Lau, Michael H. (2004-12). Location of an agribusiness enterprise with respect to economic viability: a risk analysis. Doctoral Dissertation. Thesis uri icon


  • This study analyzes the economic and geographic effects of alternative locations
    on risky investment decisions in a probabilistic framework. Historically, alternative
    locations for multi-million dollar investments are often evaluated with deterministic
    models that rely on expected values or best case/worst case scenarios. Stochastic
    simulation was used to estimate the probability distribution for select key output
    variables, including net present value (NPV), of a proposed biomass to ethanol
    production facility in three alternative regions in Texas.
    The simulated NPV probability distributions were compared using Stochastic
    Efficiency with Respect to a Function (SERF) to predict the location preference of
    decision makers with alternative levels of risk aversion. Risk associated with input
    availability and costs were analyzed for the proposed plant locations so each location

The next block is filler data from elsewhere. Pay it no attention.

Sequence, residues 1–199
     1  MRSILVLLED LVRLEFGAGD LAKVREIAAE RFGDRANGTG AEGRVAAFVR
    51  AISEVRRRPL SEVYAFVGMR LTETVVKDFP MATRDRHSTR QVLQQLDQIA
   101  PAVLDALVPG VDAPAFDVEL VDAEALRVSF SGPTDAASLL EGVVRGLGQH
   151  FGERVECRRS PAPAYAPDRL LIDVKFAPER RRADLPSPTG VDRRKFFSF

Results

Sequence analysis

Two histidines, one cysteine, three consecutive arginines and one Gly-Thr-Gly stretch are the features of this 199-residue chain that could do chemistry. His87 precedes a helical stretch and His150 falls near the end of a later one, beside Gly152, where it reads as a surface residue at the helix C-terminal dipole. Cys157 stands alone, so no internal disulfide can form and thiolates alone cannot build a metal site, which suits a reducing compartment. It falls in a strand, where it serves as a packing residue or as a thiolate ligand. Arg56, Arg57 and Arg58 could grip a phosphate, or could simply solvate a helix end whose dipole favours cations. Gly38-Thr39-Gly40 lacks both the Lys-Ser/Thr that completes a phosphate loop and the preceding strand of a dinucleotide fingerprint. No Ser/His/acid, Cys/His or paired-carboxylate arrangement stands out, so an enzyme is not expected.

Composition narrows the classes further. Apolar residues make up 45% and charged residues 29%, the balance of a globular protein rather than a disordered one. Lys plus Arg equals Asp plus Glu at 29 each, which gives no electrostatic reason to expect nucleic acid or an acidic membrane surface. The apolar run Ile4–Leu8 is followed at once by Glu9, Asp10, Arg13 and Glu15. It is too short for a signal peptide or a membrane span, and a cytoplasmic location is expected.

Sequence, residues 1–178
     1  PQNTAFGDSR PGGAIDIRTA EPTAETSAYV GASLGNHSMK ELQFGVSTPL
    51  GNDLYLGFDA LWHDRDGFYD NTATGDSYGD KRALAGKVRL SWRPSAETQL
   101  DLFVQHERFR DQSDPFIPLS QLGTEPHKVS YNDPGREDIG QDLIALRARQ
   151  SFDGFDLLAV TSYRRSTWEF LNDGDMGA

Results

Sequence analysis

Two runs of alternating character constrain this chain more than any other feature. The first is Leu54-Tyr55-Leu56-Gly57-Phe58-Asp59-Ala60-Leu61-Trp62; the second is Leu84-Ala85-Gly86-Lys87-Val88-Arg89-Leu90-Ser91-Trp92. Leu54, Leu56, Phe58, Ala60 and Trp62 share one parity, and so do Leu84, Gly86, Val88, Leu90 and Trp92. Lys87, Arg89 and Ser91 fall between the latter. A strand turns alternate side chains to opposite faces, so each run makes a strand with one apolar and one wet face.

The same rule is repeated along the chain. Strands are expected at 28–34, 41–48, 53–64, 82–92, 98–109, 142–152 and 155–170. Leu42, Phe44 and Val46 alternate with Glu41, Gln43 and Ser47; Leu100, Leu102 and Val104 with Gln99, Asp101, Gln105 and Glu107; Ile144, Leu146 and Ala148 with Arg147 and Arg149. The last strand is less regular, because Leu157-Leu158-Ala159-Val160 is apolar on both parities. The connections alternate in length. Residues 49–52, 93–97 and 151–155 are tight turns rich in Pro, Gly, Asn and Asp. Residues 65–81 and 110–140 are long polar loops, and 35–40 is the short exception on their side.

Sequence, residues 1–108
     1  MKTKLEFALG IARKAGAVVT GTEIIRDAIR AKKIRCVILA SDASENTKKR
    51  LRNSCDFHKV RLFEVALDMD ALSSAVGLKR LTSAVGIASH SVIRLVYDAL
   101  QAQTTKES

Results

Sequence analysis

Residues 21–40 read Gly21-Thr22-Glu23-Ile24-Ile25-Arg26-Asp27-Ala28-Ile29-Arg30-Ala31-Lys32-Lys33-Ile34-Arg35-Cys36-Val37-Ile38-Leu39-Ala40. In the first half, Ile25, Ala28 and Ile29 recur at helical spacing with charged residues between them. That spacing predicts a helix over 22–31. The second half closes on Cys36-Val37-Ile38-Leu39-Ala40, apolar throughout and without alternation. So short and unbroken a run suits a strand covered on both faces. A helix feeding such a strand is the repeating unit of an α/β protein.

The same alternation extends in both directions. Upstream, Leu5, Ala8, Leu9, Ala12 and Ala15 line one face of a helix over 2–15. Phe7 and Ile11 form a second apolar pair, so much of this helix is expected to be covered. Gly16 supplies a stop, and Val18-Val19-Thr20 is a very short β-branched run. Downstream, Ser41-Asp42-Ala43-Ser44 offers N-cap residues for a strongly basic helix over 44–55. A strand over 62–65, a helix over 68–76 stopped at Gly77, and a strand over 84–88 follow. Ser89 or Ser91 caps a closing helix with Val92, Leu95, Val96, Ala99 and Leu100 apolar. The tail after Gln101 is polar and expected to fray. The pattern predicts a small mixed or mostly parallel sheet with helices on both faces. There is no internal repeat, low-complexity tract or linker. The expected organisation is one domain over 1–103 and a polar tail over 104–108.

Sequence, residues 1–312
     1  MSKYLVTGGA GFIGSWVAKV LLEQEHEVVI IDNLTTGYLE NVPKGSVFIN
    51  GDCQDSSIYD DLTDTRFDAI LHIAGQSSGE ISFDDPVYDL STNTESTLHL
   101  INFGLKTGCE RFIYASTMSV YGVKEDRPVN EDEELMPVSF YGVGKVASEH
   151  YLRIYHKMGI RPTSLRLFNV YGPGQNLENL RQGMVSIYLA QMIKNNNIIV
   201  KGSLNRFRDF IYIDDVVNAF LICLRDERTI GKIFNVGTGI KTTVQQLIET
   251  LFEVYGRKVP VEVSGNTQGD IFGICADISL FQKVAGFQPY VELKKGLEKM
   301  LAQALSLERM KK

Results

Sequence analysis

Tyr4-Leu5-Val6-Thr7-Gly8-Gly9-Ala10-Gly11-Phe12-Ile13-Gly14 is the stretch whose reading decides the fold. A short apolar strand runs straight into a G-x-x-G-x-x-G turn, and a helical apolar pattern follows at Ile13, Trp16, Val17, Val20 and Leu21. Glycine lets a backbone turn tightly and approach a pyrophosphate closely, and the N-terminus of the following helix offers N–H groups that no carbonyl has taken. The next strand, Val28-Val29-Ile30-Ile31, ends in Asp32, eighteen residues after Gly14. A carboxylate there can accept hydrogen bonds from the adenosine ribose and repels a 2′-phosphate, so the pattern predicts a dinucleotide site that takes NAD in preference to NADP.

resulted in different levels of economic viability and risk that would not have been
    observed with a traditional deterministic analysis.
    For all analyzed scenarios, the projected financial feasibility results show a
    positive NPV over the 16 year planning horizon with a small probability of being
    negative. The SERF results indicate the Central Region of Texas is preferred for risk
    averse decision makers compared to the Panhandle and Coastal Bend Regions. Risk
    premiums were calculated for the alternative locations and are consistent for all risk
    averse decision makers, indicating the ranking of alternative locations are robust.
    Positive community impacts and sensitivity elasticities for key variables were
    estimated in the model. The estimated positive economic gains for the local economy
    are quite large and indicate locating a production facility in the region could
    substantially impact the local economy. The calculated sensitivity elasticities show
    ethanol price, ethanol yield, and hydrogen price are the three variables that have the
    greatest affect on the feasibility of a biomass to ethanol production facility.

publication date

  • December 2004